There were and remain disputes over the India-China border, yet much of the contested territory is over 5,000m high, the fighting taking place in exceptionally hostile territory of little apparent value. But this terrain is the key to why these two vast nations have mostly kept the piece: between India’s 1.3 billion people and China’s 1.4 billion, there lie the Himalayas, a vast fence between two potentially disputatious neighbours. While there are arguments about relatively tiny areas of land, the basic geographic fact that India (and Pakistan and Bangladesh) lie to the west and south, but China lies to the east and north, is not in dispute and provides a clear boundary (see the map below).
Part of the tragedy of central and eastern Europe is that there are few such natural boundaries, making countries insecure (justifiably in case of Russia, following two disastrous invasions in little over a century) and prone to conflict. The relief map below shows that much of Europe is pretty flat and there are few rivers big enough to be unambiguous boundaries.
It’s also fair to say that China has historically not been an imperial power in the European sense, the country’s vast scale being reason enough to call the leader Emperor (though an abiding theme in Chinese history is the failure of emperors to keep the country together or defend it from invaders). China has dominated its region for most of the last two thousand years but has rarely sought to actually invade other nations. (Vietnam might beg to differ, having been invaded by China in 1979, the result of that war being inconclusive(*). Vietnam was also occupied by China for around 1,000 of its 4,000 year history).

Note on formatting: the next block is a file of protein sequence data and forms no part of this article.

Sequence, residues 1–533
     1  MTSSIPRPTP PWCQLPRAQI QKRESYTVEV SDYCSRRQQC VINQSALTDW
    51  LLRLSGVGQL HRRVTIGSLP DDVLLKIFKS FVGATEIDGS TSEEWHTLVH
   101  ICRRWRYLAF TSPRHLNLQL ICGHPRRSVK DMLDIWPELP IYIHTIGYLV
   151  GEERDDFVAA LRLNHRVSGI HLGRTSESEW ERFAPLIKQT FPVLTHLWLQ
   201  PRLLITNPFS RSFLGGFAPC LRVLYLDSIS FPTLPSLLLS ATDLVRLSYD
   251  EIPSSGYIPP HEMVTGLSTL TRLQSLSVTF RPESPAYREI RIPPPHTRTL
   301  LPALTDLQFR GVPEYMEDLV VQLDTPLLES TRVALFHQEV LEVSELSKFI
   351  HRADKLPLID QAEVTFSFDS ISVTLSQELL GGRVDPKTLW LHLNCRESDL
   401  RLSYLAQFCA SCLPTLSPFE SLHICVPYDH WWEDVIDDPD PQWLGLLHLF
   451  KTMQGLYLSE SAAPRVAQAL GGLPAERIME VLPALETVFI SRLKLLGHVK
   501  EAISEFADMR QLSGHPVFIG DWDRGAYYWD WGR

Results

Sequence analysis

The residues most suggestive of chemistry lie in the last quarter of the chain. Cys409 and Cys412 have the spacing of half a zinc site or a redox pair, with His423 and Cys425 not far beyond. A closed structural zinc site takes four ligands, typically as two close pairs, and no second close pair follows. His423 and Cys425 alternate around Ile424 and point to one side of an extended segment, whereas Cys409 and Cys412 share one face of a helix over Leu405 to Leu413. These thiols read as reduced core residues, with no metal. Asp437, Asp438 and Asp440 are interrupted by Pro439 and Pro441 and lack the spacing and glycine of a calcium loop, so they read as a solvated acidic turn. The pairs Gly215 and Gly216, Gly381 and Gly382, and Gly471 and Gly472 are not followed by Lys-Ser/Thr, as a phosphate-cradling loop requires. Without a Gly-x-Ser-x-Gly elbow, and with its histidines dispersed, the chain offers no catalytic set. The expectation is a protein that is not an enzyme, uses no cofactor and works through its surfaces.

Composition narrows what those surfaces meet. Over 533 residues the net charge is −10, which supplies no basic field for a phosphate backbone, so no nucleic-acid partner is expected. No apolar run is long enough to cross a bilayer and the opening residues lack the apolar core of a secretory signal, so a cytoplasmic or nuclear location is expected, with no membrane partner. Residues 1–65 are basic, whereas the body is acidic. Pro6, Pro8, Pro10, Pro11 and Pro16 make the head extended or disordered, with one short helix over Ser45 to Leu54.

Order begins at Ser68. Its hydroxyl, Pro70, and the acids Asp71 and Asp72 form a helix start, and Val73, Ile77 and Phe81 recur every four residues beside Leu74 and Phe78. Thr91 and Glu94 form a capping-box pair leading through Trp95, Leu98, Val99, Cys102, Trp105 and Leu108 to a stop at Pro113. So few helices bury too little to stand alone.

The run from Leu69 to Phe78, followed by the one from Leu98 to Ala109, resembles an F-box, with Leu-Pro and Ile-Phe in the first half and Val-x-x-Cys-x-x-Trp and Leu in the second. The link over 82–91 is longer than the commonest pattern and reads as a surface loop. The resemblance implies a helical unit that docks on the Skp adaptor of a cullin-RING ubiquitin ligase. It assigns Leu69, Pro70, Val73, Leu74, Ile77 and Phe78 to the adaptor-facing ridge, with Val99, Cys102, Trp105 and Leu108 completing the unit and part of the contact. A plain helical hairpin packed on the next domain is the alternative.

One famous exception was the unsuccessful attempts to conquer Japan in the 13th century, which were launched by the Mongol Chinese emperor Kublai Khan who conquered China in 1271.
(Kublai Khan was made famous in Britain in a 1797 poem of that name by romantic poet Samuel Coleridge Taylor, which begins: “In Xanadu did Kubla Khan/A stately pleasure-dome decree”. Xanadu, pronounced “Zanadoo”, seems to be a corruption of the Chinese “shangdu” 上都 which means upper capital, the name of Kublai Khan’s northern, summer capital in what is now the Chinese province of Inner Mongolia; the city was ruined many centuries ago and the capital shifted to Beijing. )
Further reflecting the importance of geography in human affairs, Japan’s success in repelling the Mongol fleets in 1274 and 1281 was partly owing to helpful typhoons, which became known in Japanese as kamikaze, meaning divine wind. There is a parallel here with Protestant England’s successful defense against a Catholic Spanish invasion fleet, known as the Armada, in 1588, when the wind blew in an unhelpful direction (from the Spanish point of view) and was gratefully called a “Protestant wind” by the English. The history (and some people would say the culture, but I’m not sure) of Japan and England (later Britain) both owe a lot to their island status.
The future is Asian but perhaps not how you think
It’s now pretty much conventional wisdom that the first half of the 21st century is going to be dominated by the tense relationship between the USA and China, against the backdrop of advancing climate change, which will cause enormous damage to both nations.
If India can somehow get its economic growth back to the high single digits, and with the prospect of a huge fall in China’s population a few decades from now, the second half of this century may well be dominated by India’s relationship with China, not least because although the great fence of the Himalayas will remain, the water in the mountains there which supplies the rivers that feed and provide power for India, China and South East Asia, will not.
(*) According to Wikipedia, Chinese Vice-premier Deng Xiaoping, who was visiting the United States for the first time, told American president Jimmy Carter on 1 January 1979: “The little child is getting naughty, it’s time he got spanked.” (Original Chinese words: 小朋友不听话，该打打屁股了。) China attacked on February 15th, the day it ended its 1950 mutual defense agreement with the Soviet Union, which had become an ally of Vietnam.